2014 best cameras for street photography
Before the new releases at Photokina in September 2014, I thought it was time for my current top 5 street photography cameras.
First I’ll start with some general street photography tips:
- Make sure you can capture in RAW format. You won’t have the time to choose your settings carefully, so having the RAW files often means being able to recover images that would otherwise be lost.
- Buy a fast lens, at least F/2.8. This is split-second photography, so a fast lens will help you capture that. This will also help in shady streets and dimly lit situations.
- It’s sometimes best to have a prime lens over a zoom. Anywhere between 35 and 55 mm (full frame equivalent) is the most used range for this kind of photography. A 35mm will give you a view comparable to what your eyes see while something like a 50mm gets you just a bit closer.
- Choose a small and inconspicuous camera. Street Photography often involves going into dodgy neighbourhoods, and the worse your camera looks the better. I’ve often used masking tape to make it look like my camera is all beaten up, and it helps. When visiting poor neighbourhoods in third world countries, I always take some pens, soaps, shampoo, etc. to hand out to children and the needy. It’s a beautiful way to help, and people always appreciate the fact that you brought presents.
- Shake hands. If anyone comes up to you, shake their hand. It instantly builds a rapport and can often get you out of otherwise tricky situations.
- Shoot first, ask later. Many countries don’t allow you taking pictures of strangers anymore. A significant problem for street photographers, as you want to capture your subject in real life, without too much posing. The solution is to shoot first and ask their permission afterwards if you think your subject is recognisable. Most people don’t mind, and a smile can go a long way.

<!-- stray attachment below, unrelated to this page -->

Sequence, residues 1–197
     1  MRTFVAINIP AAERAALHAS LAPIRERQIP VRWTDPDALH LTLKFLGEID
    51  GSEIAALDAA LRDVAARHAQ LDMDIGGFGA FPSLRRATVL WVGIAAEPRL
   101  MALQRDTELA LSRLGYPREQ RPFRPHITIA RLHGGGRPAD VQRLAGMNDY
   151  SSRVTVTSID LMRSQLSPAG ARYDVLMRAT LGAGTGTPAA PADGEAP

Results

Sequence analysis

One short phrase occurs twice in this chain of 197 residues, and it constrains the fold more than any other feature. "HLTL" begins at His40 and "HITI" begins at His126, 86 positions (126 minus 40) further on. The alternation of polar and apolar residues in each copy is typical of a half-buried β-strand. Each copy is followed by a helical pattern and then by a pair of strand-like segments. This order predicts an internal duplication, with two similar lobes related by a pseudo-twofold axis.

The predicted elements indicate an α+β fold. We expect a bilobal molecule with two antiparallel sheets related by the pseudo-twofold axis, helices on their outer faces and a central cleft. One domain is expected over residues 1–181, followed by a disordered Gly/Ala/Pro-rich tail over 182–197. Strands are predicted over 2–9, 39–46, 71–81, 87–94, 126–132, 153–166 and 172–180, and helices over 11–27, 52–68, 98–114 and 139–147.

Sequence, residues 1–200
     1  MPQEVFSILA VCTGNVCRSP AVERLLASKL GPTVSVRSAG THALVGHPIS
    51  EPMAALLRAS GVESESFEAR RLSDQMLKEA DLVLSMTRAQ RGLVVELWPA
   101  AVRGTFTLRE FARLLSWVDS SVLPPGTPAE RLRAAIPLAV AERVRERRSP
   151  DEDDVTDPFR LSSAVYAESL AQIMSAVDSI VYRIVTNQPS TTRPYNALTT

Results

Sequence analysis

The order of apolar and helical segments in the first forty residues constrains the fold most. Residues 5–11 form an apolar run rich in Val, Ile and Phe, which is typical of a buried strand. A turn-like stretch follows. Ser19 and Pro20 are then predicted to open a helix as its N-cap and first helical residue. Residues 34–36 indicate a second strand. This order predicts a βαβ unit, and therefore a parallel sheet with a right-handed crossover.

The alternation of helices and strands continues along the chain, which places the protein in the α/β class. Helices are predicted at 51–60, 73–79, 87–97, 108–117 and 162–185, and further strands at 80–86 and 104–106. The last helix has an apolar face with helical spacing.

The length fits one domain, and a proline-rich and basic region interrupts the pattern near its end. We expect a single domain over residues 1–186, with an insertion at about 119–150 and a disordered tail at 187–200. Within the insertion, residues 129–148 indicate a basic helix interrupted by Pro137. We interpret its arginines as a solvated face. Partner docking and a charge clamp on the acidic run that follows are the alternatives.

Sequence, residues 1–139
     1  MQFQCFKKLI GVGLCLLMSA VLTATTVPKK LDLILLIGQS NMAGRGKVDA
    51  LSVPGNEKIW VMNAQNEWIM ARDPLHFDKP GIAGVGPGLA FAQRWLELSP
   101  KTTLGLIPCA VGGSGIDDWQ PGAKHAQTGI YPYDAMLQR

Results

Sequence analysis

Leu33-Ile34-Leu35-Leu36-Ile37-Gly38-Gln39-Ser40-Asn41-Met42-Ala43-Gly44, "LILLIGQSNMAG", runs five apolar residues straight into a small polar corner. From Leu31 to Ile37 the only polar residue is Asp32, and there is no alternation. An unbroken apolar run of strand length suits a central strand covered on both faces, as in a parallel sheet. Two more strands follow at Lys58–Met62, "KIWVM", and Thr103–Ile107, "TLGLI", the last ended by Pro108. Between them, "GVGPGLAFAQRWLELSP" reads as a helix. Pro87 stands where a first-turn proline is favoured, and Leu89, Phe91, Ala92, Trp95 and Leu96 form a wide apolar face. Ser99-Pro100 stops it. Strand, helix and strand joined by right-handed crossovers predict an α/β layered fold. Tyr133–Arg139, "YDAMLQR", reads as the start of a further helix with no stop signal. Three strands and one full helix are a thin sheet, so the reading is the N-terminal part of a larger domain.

These are the cameras I tried out this year that I think are most suited to this kind of photography. Attempt to find a right balance between image quality and size, and it should be very easy to use, with a decent AF system. You can click on the titles to go to my full review of each street photography camera.
Olympus Pen EPL-5 (or E-PL6 E-PL7)
The smallest of the Olympus micro-four-thirds sensor cameras, the Pen E-PL series have the same sensor as their bigger brothers. Image quality, when coupled with a decent lens can be fantastic.
The Olympus Pen E-PL7 (latest model) is small and inconspicuous. Used a fast prime Olympus or Panasonic or my personal favourite the Leica 25mm f/1.4, you’ll have fast autofocus and fantastic looking images.
The touch screen comes in handy for those sneaky hip shots, and gives you the added ability of focussing anywhere you want on the screen.
Sony RX100 M3
The latest Sony RX100 III squeezes out every pixel of possible quality from the 1 inch Exmor CMOS sensor. Coupled with the very fast F/1.8-2.8 24-70 Zeiss-designed fixed lens, you won’t find a better camera this size out there. It’s noise-free up to ISO 800, usable up to ISO 6400.
The Nikon 1 v3 body only cost about as much as the RX100 M3 with the fantastic little Zeiss lens. So it’s expensive!
It has a comparable size sensor, with about a step lower ISO performance (although they do handle noise quite differently).
If you’re a faithful Nikon user, this might be the street photography camera for you though:
- it is quite small
- has the familiar Nikon Menu system
- has a responsive touch screen
- excellent lens collection
- most importantly has an entirely silent shutter mode.
This relatively affordable camera has a unique hybrid autofocus system that covers more than 90% of the sensor. Great for never missing that split second shot that you’ll need for street photography.
The APS-C sensor offers good performance up to ISO 3200, but I’d recommend buying the body only and investing in one of the Zeiss Touit lenses if you want to get the most out of it.
The Fuji XT1 is a bit bigger than the other cameras here but capable of making lovely images. All dials are readily available, and autofocus is quite basic but works very well. Fujinon has a broad range of both zoom and prime lenses available which offer excellent value for money. The build of this camera is extraordinary: the screen is made from reinforced glass, and the body is fully waterproofed.